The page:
Mass. Pollster Paleologos Starts PAC to Rev Up Greek-American Candidates

December 16, 2016

Inspired by the career of his brother, former state legislator Nick Paleologos – as well as former Gov. Mike Dukakis and the late U.S. Sen Paul Tsongas – noted Massachusetts political pollster David Paleologos has formed a new Greek Political Action Committee.

The national political survey specialist told the State House News Service he wants to get Greek-American candidates excited about getting into public service again after Dukakis and Tsongas and a raft of others with Greek heritage blazed a trail.

“It’s about encouraging young Greek-American women and men to run for office,” Paleologos told the SHNS about the new group, of which he is Chairman. He said, “There’s been kind of a void since Mike Dukakis left office,” and ran for President in 1988.

Paleologos is Director of the Suffolk University Political Research Center and said that funds raised by the PAC would also go to candidates who are “committed to promoting the ideas of Hellenism.”

“It’s like viewing the people who are receiving the support as you would people in your family,” Paleologos explained. He said the PAC would be non-partisan and said it would not present conflicts for him in his political polling.

“The only conflict there would be if someone was running for U.S. President, Governor or U.S. Senate,” said Paleologos, who said the PAC would focus on local offices and the state Legislature. He said, “It’s not to elect a Greek President.”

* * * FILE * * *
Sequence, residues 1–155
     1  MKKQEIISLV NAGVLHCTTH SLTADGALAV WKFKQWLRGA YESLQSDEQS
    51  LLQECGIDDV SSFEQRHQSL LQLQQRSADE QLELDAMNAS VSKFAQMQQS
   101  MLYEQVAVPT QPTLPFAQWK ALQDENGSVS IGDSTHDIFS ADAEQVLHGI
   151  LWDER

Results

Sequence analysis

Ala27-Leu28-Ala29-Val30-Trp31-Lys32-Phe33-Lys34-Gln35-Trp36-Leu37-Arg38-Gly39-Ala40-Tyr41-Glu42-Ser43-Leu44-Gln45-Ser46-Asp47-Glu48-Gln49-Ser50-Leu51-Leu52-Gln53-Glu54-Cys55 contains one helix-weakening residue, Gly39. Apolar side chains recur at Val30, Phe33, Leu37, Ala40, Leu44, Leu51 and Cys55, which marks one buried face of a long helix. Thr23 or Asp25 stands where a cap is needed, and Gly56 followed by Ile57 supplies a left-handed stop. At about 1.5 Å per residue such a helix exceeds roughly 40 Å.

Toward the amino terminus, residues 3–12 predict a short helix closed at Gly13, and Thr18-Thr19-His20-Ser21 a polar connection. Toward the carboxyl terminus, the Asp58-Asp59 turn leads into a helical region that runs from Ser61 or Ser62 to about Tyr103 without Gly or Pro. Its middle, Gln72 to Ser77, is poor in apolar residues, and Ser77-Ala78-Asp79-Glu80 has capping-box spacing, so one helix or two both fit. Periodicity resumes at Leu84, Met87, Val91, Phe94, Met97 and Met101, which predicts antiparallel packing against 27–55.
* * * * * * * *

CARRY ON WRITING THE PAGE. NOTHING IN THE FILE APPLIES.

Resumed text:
His brother Nick was in a group of progressive Democrats who challenged the old iron-fist style of politics at the Massachusetts State House in the 1970s and 1980s before moving on to become a noted producer on Broadway and with films such as Mississippi Burning.


But pollster Paleologos, who has carved a name for himself around the country with his on-target surveys, including picking up late momentum in the Donald Trump Presidential campaign, said depending on the success of the Massachusetts PAC he is “absolutely” open to a Federal counterpart to take the hunt for Hellenophile and Greek-American candidates nationwide.

Paleologos said his grandparents came from Sparta and Mani on the Peloponnese, and from Athens, transplanting in the US and infusing the family with their heritage.

He said it was his son, Arthur, a high school senior and Co-president of the student body at the prestigious Phillips Academy, who had the idea to push young Greek-Americans to involve themselves in politics and create another generation of candidates.

“It was a brainchild of my son,” Paleologos said. He said, “He knows that his generation is very skeptical of politicians and politics in general.”

Paleologos, who hails from the city of Woburn, between Boston and Lowell, had just graduated from high school in the 1970s when brother Nick first won election as a state legislator, serving for more than two decades.

“When Dukakis ran back in the old days it was people like Nick and other people who were inspired by what he was doing,” Paleologos told the News Service.

Massachusetts also produced another notable Greek-American politician, Andrew Natsios, a maverick Republican in the State House who served with Paleologos and later became head of the Agency for International Development (AID) for President George W. Bush.


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